Chemical and Biological Weapons
The worldwide stockpile of biological and chemical weapons is about 61,000 metric tons — enough to kill 60 billion people. There are only 6.5 billion people.
All too often, discussions about WMDs focus just on nuclear weapons. However, chemical and biological weapons can be just as deadly, yet more insidious. According to the Journal of the American Medical Association, "Botulinum toxin is the most poisonous substance known. A single gram [1/30th of an ounce] evenly dispersed and inhaled, could kill more than 1 million people..." That would make the human lethal dose 1/30,000,000th of an ounce.
Biological weapons employ viruses, bacteria and other germs to produce diseases, which disable and kill people. The Class A agents described below are of critical concern from a bioterrorism perspective.
The British used smallpox as a weapon in the mid-Eighteenth Century French and Indian War. Under the pretext of friendship, the British gave blankets from their own smallpox victims to Indians who were sympathetic to the French. The Indians lacked immunity from smallpox and they suffered a devastating outbreak, enabling the English to defeat the French at Fort Ticonderoga. The discontinuation of the smallpox vaccination after the disease was eradicated in 1980 has made the world vulnerable again to its use as a weapon.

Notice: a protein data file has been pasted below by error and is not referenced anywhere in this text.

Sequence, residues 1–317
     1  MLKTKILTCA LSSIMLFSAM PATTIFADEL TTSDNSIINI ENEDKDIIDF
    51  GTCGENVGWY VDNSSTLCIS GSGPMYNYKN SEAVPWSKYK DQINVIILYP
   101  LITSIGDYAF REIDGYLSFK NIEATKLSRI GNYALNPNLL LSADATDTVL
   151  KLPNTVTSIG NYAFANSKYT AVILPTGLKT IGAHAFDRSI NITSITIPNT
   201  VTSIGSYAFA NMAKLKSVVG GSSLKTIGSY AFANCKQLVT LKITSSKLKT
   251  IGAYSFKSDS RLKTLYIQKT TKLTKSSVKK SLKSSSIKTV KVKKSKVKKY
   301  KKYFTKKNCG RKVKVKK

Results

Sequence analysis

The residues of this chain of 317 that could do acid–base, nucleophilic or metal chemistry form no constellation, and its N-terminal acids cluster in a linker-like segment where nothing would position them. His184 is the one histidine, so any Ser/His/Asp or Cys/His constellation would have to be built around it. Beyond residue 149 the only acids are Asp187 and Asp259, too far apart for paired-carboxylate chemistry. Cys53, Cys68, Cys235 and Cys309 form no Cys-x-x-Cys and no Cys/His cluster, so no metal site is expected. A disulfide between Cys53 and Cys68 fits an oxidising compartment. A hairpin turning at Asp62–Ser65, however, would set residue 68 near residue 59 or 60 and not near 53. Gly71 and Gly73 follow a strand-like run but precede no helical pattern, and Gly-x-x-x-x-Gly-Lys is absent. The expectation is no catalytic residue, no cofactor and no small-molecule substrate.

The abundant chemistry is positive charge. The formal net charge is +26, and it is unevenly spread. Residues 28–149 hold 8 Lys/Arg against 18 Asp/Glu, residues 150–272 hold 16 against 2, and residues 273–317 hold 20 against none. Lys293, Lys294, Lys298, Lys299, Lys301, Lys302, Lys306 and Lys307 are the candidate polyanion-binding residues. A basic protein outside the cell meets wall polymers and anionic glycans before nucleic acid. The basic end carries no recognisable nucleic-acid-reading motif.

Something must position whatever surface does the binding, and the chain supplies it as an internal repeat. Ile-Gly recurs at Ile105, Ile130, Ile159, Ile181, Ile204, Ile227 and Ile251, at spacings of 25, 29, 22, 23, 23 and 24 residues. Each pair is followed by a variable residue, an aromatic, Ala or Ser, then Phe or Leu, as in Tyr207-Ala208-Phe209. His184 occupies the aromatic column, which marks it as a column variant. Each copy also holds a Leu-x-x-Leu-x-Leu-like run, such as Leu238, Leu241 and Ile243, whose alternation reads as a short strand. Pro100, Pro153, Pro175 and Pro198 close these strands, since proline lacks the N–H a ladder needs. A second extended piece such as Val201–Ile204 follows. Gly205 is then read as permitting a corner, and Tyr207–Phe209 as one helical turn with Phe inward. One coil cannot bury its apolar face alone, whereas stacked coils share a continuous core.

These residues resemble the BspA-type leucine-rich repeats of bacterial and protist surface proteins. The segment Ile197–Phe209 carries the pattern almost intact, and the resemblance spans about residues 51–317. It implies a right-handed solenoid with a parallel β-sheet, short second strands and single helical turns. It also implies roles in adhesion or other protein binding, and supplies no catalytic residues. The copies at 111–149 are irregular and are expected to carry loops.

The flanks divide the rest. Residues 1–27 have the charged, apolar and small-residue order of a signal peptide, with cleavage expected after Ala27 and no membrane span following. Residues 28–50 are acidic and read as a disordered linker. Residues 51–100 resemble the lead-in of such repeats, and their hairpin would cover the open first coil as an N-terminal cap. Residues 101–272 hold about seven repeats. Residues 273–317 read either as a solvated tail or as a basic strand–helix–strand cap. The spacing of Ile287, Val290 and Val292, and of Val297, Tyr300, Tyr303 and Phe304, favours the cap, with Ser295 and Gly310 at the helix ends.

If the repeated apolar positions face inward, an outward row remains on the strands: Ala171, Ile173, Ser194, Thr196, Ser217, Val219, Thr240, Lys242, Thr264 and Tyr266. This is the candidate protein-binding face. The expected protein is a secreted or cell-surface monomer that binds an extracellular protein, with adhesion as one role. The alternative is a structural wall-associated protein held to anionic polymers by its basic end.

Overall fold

Smallpox victim. Source: CDC, Centers for Disease Control and Prevention
Kurdish boy gassed in Halabja, Iraq on March 16, 1988. 5,000 people were killed; 75% were women and children. Their skin was discolored, their eyes open and staring where they had not recessed into their sockets, a grayish mucous was oozing from their mouths and their fingers were clenched. Photo courtesy of Kurdish Democratic Party.
Sarin is a chemical warfare agent, which targets the nervous system and inhibits it from functioning properly. Nerve agents are the most toxic and rapidly acting of the known chemical warfare agents. Sarin is 26 times as deadly as cyanide gas, and a drop the size of a pinhead is sufficient to kill. Choking and bleeding from the nose and mouth commence within a few seconds after exposure to it and can lead to death. It was used by Saddam Hussein along with other chemical warfare agents (Mustard Gas, Cyanide and VX nerve gas) during the Iran-Iraq War in the 1980s, and against the Kurds in 1988. Sarin was also used by the terrorist group Aum Shinrikyo (Supreme Truth Cult) in the Tokyo subway attack on March 20, 1995.
Cutaneous Anthrax. Source: CDC, Centers for Disease Control and Prevention
“Less than one millionth of a gram [1/30,000,000 of an ounce of inhaled anthrax] is invariably fatal within five days to a week after exposure.” 
Anthrax spores occur naturally around the world in soil and in certain animals, and they can be produced for biological warfare. When dispersed by exploded devices, the spores will survive the explosion and retain their ability to infect people. Anthrax can remain viable in soil for decades.
“Botulinum Toxin as a Biological Weapon,” JAMA (Journal of the American Medical Association), Vol. 285, No. 8, February 28, 2001, http://www.fas.org/biosecurity/resource/agents.htm. March 27, 2005.
 FAS (Federation of American Scientists), "Biological Warfare Agents (Partial List)," www.fas.org/nuke/intro/bw/agent.htm, (28 March 2005).